StatsAd Industry MetricsISPs Block 17 Percent of Legit E-mail

ISPs Block 17 Percent of Legit E-mail

The false-positive rate declines slightly in the first half of the year but remains high.

Top Internet service providers blocked 17 percent of legitimate permission-based email in the first half of the year, according to a report issued by email delivery company Return Path.

The company, which helps email marketers make sure their mail gets through, said the so-called false-positive rate at the top dozen ISPs in the first two quarters of the year dropped 2 percent from the fourth quarter of 2002 and 5 percent from the third quarter.

While improving, the Superior, Colo., firm said email improperly blocked by stringent filters at ISPs represented a major challenge for the email marketing industry, as the consumer backlash against spam leads ISPs to aggressive action against bulk email. Many email marketers have complained that the filters swoop up their legitimate email messages along with spam.

Return Path based its findings on nearly 10,000 email campaigns it monitored for clients using its Mailbox Monitor service. Return Path acquired Mailbox Monitor when it bought Assurance Systems in June 2003.

Return Path found that the false-positive rate varied wildly at ISPs, from as low as 1 percent to as high as 46 percent. Among major ISPs, AOL gave email marketers the most fits, with a 25 percent rate. AOL, struggling to hold onto its 28 million subscribers, has made its robust spam-fighting capabilities a key part of its marketing. AOL has said that spam is its top consumer complaint by far.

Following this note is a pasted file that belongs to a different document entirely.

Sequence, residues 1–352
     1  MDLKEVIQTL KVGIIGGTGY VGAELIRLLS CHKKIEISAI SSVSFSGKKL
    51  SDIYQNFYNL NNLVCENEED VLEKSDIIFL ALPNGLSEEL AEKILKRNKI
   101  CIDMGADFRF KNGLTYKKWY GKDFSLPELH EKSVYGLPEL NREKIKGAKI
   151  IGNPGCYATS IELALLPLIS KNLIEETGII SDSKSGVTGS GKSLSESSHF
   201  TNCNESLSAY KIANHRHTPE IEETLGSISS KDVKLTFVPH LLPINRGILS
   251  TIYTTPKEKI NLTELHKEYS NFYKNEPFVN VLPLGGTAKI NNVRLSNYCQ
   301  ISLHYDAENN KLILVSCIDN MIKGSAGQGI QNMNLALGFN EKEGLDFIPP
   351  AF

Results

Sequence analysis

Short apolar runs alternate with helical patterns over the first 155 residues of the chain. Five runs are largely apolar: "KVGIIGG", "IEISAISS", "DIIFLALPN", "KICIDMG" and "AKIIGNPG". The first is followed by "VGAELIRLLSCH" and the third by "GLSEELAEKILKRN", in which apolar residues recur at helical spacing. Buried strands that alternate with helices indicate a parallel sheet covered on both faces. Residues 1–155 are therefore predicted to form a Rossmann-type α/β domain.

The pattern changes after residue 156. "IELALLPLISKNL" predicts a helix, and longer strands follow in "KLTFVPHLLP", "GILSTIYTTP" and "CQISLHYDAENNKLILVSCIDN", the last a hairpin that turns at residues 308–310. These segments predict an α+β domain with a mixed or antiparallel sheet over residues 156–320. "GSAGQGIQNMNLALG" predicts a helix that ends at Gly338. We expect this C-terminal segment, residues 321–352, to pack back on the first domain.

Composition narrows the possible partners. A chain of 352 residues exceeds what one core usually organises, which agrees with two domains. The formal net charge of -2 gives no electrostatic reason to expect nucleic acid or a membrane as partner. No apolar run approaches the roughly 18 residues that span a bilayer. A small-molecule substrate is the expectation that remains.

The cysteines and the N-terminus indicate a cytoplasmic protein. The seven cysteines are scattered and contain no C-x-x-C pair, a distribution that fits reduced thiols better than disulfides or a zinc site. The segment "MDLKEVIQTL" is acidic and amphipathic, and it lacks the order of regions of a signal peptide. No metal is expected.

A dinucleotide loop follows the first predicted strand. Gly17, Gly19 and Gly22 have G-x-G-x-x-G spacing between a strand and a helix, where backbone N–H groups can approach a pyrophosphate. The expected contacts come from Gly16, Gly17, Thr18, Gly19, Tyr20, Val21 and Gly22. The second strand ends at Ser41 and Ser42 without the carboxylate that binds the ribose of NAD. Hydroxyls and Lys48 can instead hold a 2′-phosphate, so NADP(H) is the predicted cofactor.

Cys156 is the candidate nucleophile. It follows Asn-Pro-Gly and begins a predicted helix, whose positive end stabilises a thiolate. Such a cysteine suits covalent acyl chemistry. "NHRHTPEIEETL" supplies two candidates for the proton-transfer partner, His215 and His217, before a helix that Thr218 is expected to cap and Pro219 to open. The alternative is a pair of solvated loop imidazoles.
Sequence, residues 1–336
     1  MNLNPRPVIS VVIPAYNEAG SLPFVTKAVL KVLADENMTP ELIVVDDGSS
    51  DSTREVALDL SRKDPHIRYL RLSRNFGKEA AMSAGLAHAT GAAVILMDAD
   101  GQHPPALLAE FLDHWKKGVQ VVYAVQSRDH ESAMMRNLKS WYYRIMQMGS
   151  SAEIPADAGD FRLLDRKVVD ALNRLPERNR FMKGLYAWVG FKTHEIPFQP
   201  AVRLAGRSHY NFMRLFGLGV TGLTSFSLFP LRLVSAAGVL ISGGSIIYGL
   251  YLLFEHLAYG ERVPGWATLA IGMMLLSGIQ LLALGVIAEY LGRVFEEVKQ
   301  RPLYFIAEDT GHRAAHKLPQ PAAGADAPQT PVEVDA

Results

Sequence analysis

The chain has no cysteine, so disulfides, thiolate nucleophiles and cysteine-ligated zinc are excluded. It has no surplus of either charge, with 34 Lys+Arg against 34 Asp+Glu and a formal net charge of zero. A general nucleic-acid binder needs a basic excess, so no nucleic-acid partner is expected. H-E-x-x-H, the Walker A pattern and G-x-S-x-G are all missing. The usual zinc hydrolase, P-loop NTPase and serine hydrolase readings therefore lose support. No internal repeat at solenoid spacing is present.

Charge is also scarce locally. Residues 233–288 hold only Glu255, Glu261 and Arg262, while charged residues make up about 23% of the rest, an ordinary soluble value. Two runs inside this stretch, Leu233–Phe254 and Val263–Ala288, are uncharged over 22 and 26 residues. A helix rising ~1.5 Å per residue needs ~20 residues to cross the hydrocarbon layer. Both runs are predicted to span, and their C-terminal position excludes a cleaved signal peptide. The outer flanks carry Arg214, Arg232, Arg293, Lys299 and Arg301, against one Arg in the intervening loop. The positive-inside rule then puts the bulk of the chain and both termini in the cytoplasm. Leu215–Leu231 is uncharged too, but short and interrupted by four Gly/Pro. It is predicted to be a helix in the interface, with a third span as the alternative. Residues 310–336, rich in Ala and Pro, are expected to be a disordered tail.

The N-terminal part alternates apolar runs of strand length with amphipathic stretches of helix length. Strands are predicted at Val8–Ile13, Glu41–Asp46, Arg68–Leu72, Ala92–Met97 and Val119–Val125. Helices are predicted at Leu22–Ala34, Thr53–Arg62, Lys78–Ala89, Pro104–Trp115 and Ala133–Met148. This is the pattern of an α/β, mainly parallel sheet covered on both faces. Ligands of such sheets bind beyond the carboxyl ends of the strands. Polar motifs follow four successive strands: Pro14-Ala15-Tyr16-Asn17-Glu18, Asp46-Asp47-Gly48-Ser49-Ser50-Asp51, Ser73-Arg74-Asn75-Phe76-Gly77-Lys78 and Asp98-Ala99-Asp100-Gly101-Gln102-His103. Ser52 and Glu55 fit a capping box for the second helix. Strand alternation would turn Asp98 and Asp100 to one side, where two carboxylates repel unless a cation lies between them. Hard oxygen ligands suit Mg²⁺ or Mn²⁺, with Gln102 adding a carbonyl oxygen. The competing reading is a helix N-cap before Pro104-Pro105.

Interestingly, Earthlink, which has vied with AOL for top anti-spam credentials, had one of the lowest rates at 7 percent. Yahoo took top honors with a mere 4 percent false-positive rate. MSN’s rate was just under 10 percent.

Return Path found catalogers most vulnerable, suffering a non-deliverability rate of more than 40 percent. Software also suffers a high number of undelivered email, with nearly a third not getting through. In contrast, Return Path found clients in retail, software and non-profit industries had non-deliverability rates under 10 percent.

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